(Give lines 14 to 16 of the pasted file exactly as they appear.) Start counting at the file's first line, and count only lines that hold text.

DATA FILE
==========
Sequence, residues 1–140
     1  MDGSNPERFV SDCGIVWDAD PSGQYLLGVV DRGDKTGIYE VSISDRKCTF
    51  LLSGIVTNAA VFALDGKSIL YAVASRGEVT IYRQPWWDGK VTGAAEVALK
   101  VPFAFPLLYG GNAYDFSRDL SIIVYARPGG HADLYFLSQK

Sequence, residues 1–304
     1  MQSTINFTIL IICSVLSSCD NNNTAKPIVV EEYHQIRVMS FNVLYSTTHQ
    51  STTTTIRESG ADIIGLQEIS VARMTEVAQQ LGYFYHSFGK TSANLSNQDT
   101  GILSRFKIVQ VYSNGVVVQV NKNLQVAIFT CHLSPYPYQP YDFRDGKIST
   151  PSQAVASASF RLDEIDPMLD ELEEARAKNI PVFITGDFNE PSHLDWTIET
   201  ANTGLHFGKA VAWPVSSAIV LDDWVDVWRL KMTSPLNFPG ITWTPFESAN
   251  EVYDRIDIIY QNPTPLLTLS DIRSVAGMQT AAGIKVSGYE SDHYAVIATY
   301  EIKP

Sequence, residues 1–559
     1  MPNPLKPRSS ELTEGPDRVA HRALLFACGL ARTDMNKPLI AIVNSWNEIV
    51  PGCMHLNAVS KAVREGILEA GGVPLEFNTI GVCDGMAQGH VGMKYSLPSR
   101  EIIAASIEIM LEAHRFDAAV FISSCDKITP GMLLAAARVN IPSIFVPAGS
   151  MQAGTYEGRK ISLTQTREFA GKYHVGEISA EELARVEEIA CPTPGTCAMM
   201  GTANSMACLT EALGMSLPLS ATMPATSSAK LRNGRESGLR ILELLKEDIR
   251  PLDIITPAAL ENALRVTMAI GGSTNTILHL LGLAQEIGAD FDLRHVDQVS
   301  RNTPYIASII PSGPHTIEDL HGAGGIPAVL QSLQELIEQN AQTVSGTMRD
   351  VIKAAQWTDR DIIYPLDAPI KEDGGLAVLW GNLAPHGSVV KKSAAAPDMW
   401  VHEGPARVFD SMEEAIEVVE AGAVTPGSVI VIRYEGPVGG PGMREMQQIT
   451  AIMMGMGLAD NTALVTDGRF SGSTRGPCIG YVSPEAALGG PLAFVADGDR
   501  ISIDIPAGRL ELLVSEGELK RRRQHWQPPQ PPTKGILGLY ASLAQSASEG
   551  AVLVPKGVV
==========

     1  MPNPLKPRSS ELTEGPDRVA HRALLFACGL ARTDMNKPLI AIVNSWNEIV
    51  PGCMHLNAVS KAVREGILEA GGVPLEFNTI GVCDGMAQGH VGMKYSLPSR
   101  EIIAASIEIM LEAHRFDAAV FISSCDKITP GMLLAAARVN IPSIFVPAGS